Long flight periods with reduced rest periods contribute to pilot fatigue, which makes the crewmembers vulnerable to error during flights (Stokes, & Kite, 1994, p. 112). Pilot fatigue affects his/her performance in various ways exposing the passengers to risks during flight or landing. Fatigue reduces the level of alertness and awareness of the flight environment by the pilot hence more prone to error than when not fatigued. In addition, fatigue affects the ability of the pilot to multi-task during flights leading to loss of situational awareness as the pilot becomes preoccupied with one task while neglecting the other tasks. Fatigue also contributes to feelings of carelessness and indifference, which lowers the performance of the pilots during the flights.

Fatigue also affects communication and coordination between the crewmembers. Fatigue leads to reduced communication among the crew, which affects coordination in the performance tasks during flights. The reduced communication affects the crew’s ability to carry out duties effectively. In addition, the reduced communication impairs the crew’s ability to recognize danger and take appropriate preventative measures. Fatigue also leads to the loss of initiative and effort as the tasks overwhelm the crewmembers during flights. It impairs the pilot’s effective judgment and decision-making, which increases the crew’s response time in case of flight difficulties. Fatigued crewmembers often face difficulties in synthesizing important information and making accurate decisions during a flight. Fatigue reduces the visual perception of the crewmembers making bodily coordination difficult.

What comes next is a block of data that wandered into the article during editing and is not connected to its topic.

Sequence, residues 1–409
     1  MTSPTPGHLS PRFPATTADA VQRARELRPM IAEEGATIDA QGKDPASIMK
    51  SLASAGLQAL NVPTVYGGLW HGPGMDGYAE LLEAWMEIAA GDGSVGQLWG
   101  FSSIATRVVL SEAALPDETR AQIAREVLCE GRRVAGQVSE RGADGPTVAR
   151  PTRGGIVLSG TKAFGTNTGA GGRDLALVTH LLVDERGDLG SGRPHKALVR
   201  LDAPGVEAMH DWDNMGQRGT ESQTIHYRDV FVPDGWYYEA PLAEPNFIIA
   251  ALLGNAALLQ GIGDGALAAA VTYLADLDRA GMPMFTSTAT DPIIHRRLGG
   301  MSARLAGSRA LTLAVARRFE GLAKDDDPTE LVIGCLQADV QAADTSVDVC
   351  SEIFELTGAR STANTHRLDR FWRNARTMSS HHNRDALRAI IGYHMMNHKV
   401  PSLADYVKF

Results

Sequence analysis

Pilot fatigue is a common problem affecting the security of flights in the aviation industry. Many factors contribute to increased incidences of fatigue among the crewmembers. Prolonged crew duty coupled with inadequate rest contributes to fatigue that increases the risk of pilot error. Inadequate sleep also contributes to pilot fatigue that impairs the performance of the crewmembers. The FAA regulations aim at promoting rest among crewmembers to improve safety of flights. The regulations provide the maximum flight duty period (FDP) and rest periods for crewmembers, which ensures that the crew get enough rest to prevent fatigue. Thus, crew rest is important in reducing fatigue and increasing aviation safety.

Reference List

Caldwell, J. (1997). Fatigue in the Aviation Environment: An Overview of the Causes And Effects As Well As Recommended Countermeasures. Aviat Space and Environ Med, 68, 630-8.

Caldwell, L., & Caldwell, A. (2003). Fatigue in aviation: A guide to staying awake at the Stick. London: Ashgate Publishing Ltd.

Green, R., Muir, H., James, M., Gradwell, D., & Green, R.L. (1996). Human factors for Pilots. London: Ashgate Publishing Ltd.

Stokes, A., & Kite, K. (1994). Flight stress: Stress, fatigue and performance in aviation. London: Ashgate Publishing Ltd.